Big boys don’t cry. Right? : A look at rationality vs. emotionality

Rationality vs. emotionality is discussed in chapter three of Cynthia Enloe’s book  Globalization and Militarism. Rationality is associated with manliness while emotionality is seen as feminine. This is seen throughout our social structure and in the way our society thinks about masculinity and femininity. Understanding these two concepts is vital to understanding how men and women are perceived in our society and in the military. The categorization of women as “soft” is used both to keep women out of the political and military field. It insinuates that they are not strong enough to handle the pressure associated with these professions. This categorization also pushes men away from acts that are perceived as “soft” or feminine like calling for peace and not waging war. An obvious flaw of this way of thinking is the correlation of peace to women and war to men. It insinuates that only real men declare war and enter into conflict while women are responsible for calling an end to battle. Of course this conceptualization is entirely problematic.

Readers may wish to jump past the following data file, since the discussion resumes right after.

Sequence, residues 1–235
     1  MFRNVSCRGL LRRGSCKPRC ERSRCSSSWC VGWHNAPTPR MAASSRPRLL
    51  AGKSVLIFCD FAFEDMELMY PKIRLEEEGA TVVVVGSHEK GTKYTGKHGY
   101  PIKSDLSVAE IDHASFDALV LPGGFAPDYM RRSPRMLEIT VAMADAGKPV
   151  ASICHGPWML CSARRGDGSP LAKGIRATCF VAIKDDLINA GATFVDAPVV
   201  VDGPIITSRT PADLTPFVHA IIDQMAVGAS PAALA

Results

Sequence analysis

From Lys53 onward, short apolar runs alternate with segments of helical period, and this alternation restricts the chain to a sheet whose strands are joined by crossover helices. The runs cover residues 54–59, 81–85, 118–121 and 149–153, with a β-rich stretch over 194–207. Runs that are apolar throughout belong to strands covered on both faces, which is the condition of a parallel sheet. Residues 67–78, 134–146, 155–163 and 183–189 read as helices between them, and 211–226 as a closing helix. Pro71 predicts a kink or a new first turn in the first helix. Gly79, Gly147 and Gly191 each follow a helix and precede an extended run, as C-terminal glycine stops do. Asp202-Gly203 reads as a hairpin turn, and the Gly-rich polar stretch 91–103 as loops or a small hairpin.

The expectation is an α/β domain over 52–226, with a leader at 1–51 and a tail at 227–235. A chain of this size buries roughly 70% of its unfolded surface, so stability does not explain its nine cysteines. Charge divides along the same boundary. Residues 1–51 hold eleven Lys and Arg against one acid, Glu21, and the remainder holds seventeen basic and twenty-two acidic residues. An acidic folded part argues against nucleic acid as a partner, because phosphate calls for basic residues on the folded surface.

Acceptable military behavior

Unacceptable military behavior










So, when it comes to the structure of the military and who get to “sit at the table” those who are allowed are only those who have shown a fierce, aggressive stance. According to this belief of rationality and emotionality the only acceptable participants are men.  To be allowed a part in the discussion of national security you have to be able to debate unpleasant things, and handle these talks with fervor. The way a person is able to gain access to be part of the discussion of national security is through this rational sense and expression. Consequently women are not included in this because they are perceived as emotional and soft.   The conception that women are emotional and in the eyes of our society there’s no room or place for the emotional meaning there is no room for women.  Of course the truth is that these concepts have been built through the perception of those living in a patriarchal society leading to a bias and sexist understanding or women’s role and women’s power.